A 2011 study by the UK-based Islamic Finance Advisory & Assurance Services indicates support for the sector is certainly present. According to the report, 85 per cent of retail consumers in Oman expressed an interest in Islamic finance products. More than half were said to be “bothered” by using riba (interest)-based products.

Alizz Islamic Bank, meanwhile, plans to launch its operations in September, having completed a $102m IPO in November 2012. “I believe in the long run Islamic banks and windows will start eating up market share from conventional banks,” says Jamal Darwiche, acting CEO at the lender.

“What will be critical to further support the sector is the development of Takaful [Islamic insurance], an equity index and the issuance of sukuk. Liquidity in Oman is strong, so banks will want to create more products in order to diversify their source of funding.

“Sukuk in particular could be used as an alternative for leveraging. An [added] advantage is that the central bank allows lenders to invest 75 per cent of their net worth in foreign currency-denominated assets in their first six months of operation, and 50 per cent in the following six months.”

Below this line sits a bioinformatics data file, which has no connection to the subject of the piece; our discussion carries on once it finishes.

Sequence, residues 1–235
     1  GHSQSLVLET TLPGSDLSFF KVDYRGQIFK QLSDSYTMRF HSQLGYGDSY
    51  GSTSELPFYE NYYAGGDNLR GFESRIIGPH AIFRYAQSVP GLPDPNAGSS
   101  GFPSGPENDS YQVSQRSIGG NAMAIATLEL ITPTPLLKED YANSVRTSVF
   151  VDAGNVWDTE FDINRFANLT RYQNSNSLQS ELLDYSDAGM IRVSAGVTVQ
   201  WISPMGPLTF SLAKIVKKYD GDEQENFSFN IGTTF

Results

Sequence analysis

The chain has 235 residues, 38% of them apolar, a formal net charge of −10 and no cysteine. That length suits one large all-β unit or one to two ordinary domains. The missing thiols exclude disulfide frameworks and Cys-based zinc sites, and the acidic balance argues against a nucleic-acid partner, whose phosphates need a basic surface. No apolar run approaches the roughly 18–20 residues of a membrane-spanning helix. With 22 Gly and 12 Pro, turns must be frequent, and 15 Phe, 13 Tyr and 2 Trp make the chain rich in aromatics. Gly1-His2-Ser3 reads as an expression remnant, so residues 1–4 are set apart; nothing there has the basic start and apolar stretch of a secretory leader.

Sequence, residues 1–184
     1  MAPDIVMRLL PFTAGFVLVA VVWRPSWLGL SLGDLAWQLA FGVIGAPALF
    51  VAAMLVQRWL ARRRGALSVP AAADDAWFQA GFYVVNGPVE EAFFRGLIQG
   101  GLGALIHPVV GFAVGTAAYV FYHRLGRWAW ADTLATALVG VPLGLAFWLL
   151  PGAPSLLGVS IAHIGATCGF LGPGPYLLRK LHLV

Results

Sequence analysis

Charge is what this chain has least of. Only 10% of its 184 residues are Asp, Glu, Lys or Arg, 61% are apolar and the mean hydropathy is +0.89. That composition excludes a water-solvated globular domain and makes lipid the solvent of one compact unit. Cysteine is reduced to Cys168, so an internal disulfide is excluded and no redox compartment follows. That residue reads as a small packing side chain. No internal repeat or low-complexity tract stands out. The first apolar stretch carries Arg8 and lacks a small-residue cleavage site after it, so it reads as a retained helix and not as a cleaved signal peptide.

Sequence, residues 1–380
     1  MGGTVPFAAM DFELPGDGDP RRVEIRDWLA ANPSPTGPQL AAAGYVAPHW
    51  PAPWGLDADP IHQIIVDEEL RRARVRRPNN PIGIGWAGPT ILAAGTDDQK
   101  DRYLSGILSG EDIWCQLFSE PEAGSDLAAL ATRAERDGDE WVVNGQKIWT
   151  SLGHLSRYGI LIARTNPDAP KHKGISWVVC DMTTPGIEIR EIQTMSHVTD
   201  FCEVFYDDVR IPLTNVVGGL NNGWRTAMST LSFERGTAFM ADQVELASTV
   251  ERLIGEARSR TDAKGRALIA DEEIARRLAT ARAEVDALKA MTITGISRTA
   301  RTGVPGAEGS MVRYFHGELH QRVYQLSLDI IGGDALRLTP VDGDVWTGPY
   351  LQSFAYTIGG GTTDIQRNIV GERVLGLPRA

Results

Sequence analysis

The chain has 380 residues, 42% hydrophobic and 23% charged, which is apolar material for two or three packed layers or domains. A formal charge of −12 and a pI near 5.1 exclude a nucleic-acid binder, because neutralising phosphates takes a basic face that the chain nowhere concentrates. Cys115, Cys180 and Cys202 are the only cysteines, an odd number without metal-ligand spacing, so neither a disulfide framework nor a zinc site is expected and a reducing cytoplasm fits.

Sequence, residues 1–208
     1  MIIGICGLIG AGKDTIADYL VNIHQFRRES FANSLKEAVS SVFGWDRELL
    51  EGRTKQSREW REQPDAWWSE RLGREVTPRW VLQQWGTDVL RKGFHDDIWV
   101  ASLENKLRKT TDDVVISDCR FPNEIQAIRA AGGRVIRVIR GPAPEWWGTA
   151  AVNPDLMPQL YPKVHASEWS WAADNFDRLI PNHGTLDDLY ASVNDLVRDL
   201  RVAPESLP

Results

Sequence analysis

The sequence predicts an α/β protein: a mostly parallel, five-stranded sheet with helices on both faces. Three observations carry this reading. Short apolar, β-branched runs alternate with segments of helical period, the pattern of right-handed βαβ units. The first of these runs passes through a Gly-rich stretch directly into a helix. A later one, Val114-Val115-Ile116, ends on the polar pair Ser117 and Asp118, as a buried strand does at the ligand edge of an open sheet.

Untapped potential

Darwiche says nearly three-quarters of the sultanate’s predominantly Muslim population is ‘bankable’ as the market is currently underpenetrated, compared with the rest of the region. Oman’s banking assets currently account for only about 70 per cent of GDP, compared with a GCC average of 114 per cent. Alizz Islamic Bank estimates sharia assets in Oman will exceed RO2bn by 2015, representing 10 per cent of total banking assets.

I believe in the long run Islamic banks and windows will start to eat up market share from conventional banks”

Jamal Darwiche, Alizz Islamic Bank

Trading in Islamic bonds is set to take off in the near future as well. In early June, the Muscat Securities Market (MSM) announced that it would soon launch the MSM Sharia Index, which will operate under standards issued by the Bahrain-based Accounting and Auditing Organisation for Islamic Financial Institutions.

A planned RO50m sukuk issue by the local Tilal Development Company – to repay debt and expand its Muscat Grand Mall development – is raising expectations that more companies will follow suit as the Islamic finance industry expands.

Over the past year, Oman has been developing its Islamic banking law, expanding the legislation to include detailed regulation regarding the types of transactions that are permitted, taxation, exceptions to land law constraints and the provisions of other areas of substantive law if Islamic banking is involved, as well as an outline of levels for sharia supervisory boards.